As I step out onto the dancefloor, I encounter nothing but silence. I think I’ve lost the guards that have been hunting me down, but I can’t let my guard down. The DJ booth is empty, but seems to be still loaded with music – I guess it wouldn’t hurt to jam out to some high octane electro beats.

As the thunderously loud music kicks in, footsteps start approaching. I take a deep breath: here we go again. Readying the arm cannon strapped to the stump of my severed arm, I slide across the floor as my hunters hurry towards me on the floor above. One blast of my cannon blows the floor beneath their feet, giving me time to steal one of their guns and take them out with ease.

I can’t relax. More are approaching.

I know that they’re no match for me.

Many thanks to Digerati for the review code.

To say that Severed Steel is one hell of a ride would be underselling the game. All the things mentioned above can be pulled off – and more – and it feels absolutely badass. It’s a good job too, since there’s absolutely no narrative to keep you going.

You play as Steel, a woman who lost her arm in an accident whilst in the cyberpunk EdenSys corporation. Seeking revenge, she then works her way through the building systematically slaughtering everything in her wake. The game features occasional brief cutscenes between chapters (which are curiously named after levels from the original Half-Life for whatever reason), but don’t expect any kind of plot progression or philosophical twists here.

The lack of plot works to the games advantage, since the games arcade-like gameplay benefits from never really letting up. You’re given just enough context to keep you going, and then you do it until the end credits hit.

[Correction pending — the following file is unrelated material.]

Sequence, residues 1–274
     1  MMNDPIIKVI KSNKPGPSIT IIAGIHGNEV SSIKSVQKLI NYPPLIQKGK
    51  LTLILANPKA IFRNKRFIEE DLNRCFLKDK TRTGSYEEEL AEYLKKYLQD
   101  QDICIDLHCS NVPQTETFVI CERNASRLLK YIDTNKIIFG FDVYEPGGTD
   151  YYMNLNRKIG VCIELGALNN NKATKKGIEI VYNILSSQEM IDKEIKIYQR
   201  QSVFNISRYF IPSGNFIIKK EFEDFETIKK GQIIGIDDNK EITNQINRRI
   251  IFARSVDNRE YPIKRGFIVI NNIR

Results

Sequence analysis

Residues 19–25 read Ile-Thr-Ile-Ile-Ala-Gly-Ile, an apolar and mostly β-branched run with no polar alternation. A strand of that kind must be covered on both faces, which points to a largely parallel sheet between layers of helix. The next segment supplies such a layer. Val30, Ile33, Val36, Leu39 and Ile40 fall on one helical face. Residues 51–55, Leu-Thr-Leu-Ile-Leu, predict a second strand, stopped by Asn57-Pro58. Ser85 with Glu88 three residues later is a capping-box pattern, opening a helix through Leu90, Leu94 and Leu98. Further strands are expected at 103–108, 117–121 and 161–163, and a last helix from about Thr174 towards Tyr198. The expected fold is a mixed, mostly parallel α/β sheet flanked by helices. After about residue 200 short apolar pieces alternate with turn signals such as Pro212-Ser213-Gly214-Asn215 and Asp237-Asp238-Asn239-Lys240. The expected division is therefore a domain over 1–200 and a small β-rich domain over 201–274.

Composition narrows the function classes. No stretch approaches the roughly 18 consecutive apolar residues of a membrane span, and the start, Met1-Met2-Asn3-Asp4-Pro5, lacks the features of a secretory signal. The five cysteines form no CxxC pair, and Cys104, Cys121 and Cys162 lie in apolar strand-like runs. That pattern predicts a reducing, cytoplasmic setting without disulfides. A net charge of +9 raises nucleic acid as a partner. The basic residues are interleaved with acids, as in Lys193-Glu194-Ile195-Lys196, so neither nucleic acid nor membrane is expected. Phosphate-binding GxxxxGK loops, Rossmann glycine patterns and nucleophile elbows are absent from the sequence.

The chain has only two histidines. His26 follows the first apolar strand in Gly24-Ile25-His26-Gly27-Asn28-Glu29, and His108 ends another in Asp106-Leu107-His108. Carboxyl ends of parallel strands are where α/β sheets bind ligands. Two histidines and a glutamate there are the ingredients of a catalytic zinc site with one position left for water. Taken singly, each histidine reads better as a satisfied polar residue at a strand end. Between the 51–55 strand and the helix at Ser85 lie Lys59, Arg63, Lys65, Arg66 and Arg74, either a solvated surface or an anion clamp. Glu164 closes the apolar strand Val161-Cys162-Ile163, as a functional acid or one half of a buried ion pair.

If I had to describe the gameplay, I’d say it’s essentially a cross between Superhot and the vastly underrated WET. Parkour is the name of the game, with Steel being able to run along walls, slide along the floor, and dive in the air much like WET’s Rubi Malone. However, instead of the slow motion triggering automatically during these acrobatic manoeuvres, you hold the left trigger instead to use it when you want. There’s a generous amount of bullet time at your disposal, and killing enemies will help recharge it. Overall, the movement in the game feels fantastic, although it does take some time to get used to. Starting out the game, I was forced into a crab-like hand gesture to pull off aiming, parkour, and shooting all at the same time; something that is near impossible given the games glaring and unfortunate lack of gyro. However, once you realise that the game wants you to use the slow-mo as much as possible, things become far easier to handle. Steel avoids all incoming fire when pulling off crazy tricks, so chaining dives, wallruns, and slides together with the aid of the slow motion ability is essential for survival.